“We are pleased to welcome a leader of Steve’s caliber to the Nikola board,” said Girsky in a statement. “With his strong financial acumen, Steve’s talents will complement the diverse skills and experience of our current directors. Importantly, I know Steve shares our vision of leaving the world a better place.”
Terms under consideration
There are four key parts of the GM-Nikola deal that could change in renegotiations, said one of the people familiar with it.
- GM’s agreement to provide its Hydrotec fuel cell technology to Nikola for use in commercial electric trucks.
- GM’s agreement to provide its proprietary Ultium battery system to Nikola for use in commercial electric trucks.
- GM’s agreement to make the Badger pickup, due to market by the end of 2022.
- GM’s equity stake in Nikola for doing the above.
GM has said it will achieve some $4 billion in benefits in the deal as it commercializes its technologies.
On Wednesday, Nikola put out a statement highlighting key elements of its business strategy and vision to show Wall Street it has a plan and set milestones.
But, while some Nikola commercial trucks are mentioned by name in the statement, the Badger is not. Nikola also said it was rescheduling an in-person Nikola World event in Arizona where it was set to reveal the Badger Dec. 3-5. But it said that change is due to COVID and Nikola said it will provide progress updates for all the vehicle across its portfolio.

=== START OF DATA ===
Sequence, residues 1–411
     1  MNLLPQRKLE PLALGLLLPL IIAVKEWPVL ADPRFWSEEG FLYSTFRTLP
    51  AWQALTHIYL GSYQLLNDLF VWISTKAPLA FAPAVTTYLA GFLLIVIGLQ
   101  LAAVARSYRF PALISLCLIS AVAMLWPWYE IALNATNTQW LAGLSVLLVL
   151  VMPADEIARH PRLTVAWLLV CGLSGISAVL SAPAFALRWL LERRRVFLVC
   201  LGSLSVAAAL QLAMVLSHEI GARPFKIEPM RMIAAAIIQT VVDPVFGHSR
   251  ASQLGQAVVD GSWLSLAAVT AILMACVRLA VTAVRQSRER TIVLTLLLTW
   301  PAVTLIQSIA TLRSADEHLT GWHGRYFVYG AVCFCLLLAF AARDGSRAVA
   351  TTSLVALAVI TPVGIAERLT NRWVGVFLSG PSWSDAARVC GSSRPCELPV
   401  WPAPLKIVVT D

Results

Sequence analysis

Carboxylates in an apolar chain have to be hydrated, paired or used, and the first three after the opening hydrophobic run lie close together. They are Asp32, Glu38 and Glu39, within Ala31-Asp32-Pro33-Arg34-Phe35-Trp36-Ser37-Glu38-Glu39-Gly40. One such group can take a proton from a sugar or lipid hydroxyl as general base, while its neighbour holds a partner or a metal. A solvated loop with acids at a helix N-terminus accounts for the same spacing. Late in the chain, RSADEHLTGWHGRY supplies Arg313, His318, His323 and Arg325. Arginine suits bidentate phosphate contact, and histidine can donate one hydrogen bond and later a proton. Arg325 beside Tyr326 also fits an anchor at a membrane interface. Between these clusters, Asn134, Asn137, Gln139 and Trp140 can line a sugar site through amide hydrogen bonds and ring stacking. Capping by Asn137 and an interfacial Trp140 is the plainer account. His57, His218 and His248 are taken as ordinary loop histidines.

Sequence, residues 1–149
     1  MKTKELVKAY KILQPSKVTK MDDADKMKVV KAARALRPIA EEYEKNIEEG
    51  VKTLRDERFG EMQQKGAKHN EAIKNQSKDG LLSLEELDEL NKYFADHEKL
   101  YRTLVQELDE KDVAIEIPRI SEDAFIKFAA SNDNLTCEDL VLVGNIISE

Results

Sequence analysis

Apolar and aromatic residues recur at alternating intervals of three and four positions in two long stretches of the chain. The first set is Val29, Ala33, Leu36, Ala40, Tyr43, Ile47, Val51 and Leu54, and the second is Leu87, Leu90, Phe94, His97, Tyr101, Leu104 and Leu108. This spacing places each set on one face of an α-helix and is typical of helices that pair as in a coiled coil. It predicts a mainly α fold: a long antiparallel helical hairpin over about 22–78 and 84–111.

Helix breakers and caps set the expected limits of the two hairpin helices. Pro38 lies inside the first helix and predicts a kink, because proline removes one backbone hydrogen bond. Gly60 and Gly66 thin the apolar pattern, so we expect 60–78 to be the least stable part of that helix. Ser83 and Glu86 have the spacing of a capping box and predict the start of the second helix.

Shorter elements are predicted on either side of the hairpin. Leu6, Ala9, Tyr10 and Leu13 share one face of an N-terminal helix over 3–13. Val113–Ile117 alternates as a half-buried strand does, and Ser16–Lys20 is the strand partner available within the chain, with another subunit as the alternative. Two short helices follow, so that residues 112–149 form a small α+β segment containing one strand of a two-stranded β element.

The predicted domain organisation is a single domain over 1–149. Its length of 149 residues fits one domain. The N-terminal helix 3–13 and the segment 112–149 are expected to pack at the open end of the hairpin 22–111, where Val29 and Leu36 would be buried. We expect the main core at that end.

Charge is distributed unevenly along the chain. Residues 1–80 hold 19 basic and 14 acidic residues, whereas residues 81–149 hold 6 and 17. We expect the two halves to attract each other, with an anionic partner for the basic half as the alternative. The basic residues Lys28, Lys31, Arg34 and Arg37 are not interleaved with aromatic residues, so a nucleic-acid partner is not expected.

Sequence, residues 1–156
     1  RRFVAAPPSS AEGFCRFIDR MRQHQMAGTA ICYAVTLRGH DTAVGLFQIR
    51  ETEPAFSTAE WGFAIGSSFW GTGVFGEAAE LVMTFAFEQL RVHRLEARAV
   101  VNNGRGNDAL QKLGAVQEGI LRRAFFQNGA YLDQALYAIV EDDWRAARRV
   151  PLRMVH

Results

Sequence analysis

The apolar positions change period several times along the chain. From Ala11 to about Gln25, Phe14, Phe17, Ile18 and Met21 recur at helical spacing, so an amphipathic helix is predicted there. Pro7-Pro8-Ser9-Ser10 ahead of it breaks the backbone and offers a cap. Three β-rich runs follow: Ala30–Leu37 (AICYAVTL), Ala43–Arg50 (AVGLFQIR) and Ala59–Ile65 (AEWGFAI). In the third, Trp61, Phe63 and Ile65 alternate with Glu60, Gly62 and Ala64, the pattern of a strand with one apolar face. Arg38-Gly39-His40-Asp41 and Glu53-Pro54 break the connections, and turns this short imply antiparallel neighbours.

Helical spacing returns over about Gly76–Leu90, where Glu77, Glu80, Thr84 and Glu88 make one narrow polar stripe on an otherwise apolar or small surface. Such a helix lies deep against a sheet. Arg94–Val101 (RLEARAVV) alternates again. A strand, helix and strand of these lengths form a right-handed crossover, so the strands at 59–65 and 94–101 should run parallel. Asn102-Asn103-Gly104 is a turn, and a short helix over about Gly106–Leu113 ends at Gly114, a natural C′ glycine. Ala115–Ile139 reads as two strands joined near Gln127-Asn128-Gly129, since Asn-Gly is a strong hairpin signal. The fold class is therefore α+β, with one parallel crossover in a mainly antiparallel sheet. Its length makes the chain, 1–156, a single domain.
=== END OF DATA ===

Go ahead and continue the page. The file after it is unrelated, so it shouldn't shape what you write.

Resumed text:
Nevertheless, the news has some speculating that GM is backing out of wanting to make the Badger as part of its deal, leaving Nikola to either table the vehicle or find another manufacturing partner.
A spokesman for GM declined to comment on this story. A spokeswoman for Nikola said when the company has something to announce, it will.
Nikola would offer customers either a hydrogen fuel cell option or a battery-electric option on the Badger. The hydrogen fuel cell option would make the Badger the first of its kind in a pickup. The only other such vehicle is the Toyota Mirai mid-size car.
And, there is a lucrative provision in the deal for GM to make the Badger.
GM would keep 80% of the electric vehicle regulatory credits generated by the Badger pickup, once that pickup starts selling. The credit provisions are especially valuable to GM as environmental regulations stiffen and not meeting them can result in astronomical fines.